sun 23/06/2024

DVD: The Birth of a Nation | reviews, news & interviews

DVD: The Birth of a Nation

DVD: The Birth of a Nation

Is D W Griffith's silent epic a masterpiece or crude propaganda for the Klu Klux Klan?

A cinematic milestone, but not always for the right reasons

How do you solve a problem like The Birth of a Nation? Do you admire the first part and turn away from the second (after all, the Germans screened The Sound of Music for years in a Nazi-free version ending with the marriage of Maria and Captain von Trapp)? Can you balance social, historical and aesthetic responses?

My own were to admire every technique D W Griffith throws at the story-telling of the American Civil War as a fine, at times Tolstoyan interweaving of truth with the fiction of two families from north and south, only to throw in the towel at the flabbergasting rewritten history of Reconstruction in North Carolina. For the first half of its three hours, this is indeed a masterpiece with only a few false notes (the blacked-up white actors as family servants of the lovable Camerons in Piedmont and the wild overacting of Mary Alden as dodgy-wigged Radical leader Stoneman's mulatto servant-mistress are the warning signs).

The surprisingly relaxed, unhistrionic body language of the stars playing the two sets of family members establishes sympathies early on, so that Griffith's wide shots of real artillery firing on battlefields can then run at length. Split screens, breathtaking shots of characters rushing or riding from a distance right at the camera, a wonderful composition of mourning women and children high above a valley where the troops process: all these proclaim a great pioneer. The third of his "historic facsimiles", the assassination of Abraham Lincoln in a theatre meticulously modelled on the original, makes a rightful climax to Part One.

Birth of a Nation captionUnfortunately if Griffith hates war, he also seemed in 1915 to hate blacks. Shame on him for engaging so many Afro-Americans only to feature them as extras alongside the white "blackfaces" as gibbering anarchists bent on annihilation of the whites (the loyal servants alone escape censure, but not caricature). Their bold political moves in the south are ridiculed, and in one of many topsy-turvy moments we see white voters being obstructed at the ballot boxes. The turning-point is the "little Colonel" of the Cameron family's bright idea when he sees white children under a sheet frightening the "piccaninnies". Cue the KKK in all its ridiculous, faceless pageantry - did Eisenstein model his fancifully white-clad Teutonic knights in Alexander Nevsky on this? - and a predictable story of the Cameron girl killed in a proto-Virgin Spring sequence trying to flee the clutches of Gus the renegade.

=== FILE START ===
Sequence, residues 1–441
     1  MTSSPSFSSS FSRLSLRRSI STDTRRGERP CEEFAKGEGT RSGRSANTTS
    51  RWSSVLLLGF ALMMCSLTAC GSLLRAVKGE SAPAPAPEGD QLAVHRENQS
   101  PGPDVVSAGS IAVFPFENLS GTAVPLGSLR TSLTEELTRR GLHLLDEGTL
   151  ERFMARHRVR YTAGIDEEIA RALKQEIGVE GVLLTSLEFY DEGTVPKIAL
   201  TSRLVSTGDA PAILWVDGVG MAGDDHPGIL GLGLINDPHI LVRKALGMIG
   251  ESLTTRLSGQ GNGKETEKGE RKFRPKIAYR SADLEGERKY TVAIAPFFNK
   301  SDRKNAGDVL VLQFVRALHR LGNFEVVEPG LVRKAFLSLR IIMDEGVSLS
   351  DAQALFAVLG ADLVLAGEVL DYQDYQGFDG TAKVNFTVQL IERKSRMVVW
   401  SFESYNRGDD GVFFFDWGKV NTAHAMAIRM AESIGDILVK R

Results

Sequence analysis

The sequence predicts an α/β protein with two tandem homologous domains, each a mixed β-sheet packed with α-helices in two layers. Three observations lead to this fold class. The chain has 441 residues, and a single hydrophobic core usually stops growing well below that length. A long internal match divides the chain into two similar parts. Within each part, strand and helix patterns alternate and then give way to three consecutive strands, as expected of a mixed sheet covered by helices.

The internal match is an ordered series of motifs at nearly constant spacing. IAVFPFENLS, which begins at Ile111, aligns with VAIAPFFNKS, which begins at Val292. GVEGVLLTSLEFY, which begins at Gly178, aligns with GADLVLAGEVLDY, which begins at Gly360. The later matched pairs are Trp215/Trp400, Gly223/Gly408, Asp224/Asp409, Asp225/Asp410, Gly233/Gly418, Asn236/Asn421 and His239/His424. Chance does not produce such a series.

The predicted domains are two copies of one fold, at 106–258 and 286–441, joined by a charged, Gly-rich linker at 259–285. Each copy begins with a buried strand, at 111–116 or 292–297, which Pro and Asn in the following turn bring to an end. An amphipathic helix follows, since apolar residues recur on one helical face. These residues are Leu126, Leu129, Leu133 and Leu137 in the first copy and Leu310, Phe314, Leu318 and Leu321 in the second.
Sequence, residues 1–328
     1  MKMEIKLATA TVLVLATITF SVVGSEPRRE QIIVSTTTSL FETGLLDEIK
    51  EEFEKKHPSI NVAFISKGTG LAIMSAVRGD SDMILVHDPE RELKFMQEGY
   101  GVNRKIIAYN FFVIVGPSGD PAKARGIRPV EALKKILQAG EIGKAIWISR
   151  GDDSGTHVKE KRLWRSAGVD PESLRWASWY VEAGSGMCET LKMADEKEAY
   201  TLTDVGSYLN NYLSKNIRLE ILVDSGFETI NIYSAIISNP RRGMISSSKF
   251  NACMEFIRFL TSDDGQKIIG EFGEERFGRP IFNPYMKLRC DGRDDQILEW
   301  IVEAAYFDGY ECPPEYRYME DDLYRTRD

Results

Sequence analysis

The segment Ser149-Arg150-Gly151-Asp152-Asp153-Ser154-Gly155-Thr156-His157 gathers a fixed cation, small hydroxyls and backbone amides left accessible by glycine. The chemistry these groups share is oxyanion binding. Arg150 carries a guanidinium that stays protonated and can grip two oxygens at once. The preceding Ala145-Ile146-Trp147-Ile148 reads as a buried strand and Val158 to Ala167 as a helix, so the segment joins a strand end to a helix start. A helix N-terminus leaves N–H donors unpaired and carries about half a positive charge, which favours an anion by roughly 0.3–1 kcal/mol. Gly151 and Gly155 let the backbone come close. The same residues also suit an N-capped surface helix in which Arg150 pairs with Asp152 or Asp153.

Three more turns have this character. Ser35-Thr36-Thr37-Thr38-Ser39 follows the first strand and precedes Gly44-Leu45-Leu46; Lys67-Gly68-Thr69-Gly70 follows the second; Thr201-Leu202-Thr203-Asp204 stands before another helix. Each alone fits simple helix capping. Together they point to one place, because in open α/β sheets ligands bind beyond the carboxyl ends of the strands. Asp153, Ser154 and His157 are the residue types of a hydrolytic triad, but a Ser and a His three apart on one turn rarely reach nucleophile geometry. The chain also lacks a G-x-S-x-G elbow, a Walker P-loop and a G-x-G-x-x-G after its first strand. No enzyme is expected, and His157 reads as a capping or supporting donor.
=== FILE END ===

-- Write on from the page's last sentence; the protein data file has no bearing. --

Eureka does its best to lavish a fine print, uniquely so on Blu-Ray, with the context of a substantial booklet and extras including Griffith's earlier shorts about the Civil War. There's a sweet - too sweet? - chamber score from the Mont Alto Motion Picture Orchestra. But when you learn that The Clansman, as it was originally called after Thomas Dixon Junior's novel and play, was still being used as a KKK propaganda tool in the 1970s, you realise it's not all about art. And in the turbulent aftermath of the 1915 release, a white man killed a black teenager. Not much has changed in 100 years.

In the turbulent aftermath of the 1915 release, a white man killed a black teenager. Not much has changed in 100 years


Editor Rating: 
Average: 3 (1 vote)

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The problem is, I fear, five stars for technique, especially in its time, one star, or less - today, in our time - for ideology. Eisenstein certainly knew Griffith's work very well; he wrote on and prefered Intolerance from the year after Nation, so there is very clear influence, in the broadest sense.

Thanks, anon, you've taken some extra words I didn't use out of my mouth. I actually didn't want to give the film a star rating at all. It's not as if the propaganda focuses on the brighter side of totalitarianism, as does Leni Riefensthal's work; it's just ludicrous.

I know Eisenstein saw The Birth of a Nation when it reached Russia (how on earth!) in 1920, but must look up his writings on Griffith. Thanks, too, for that pointer.

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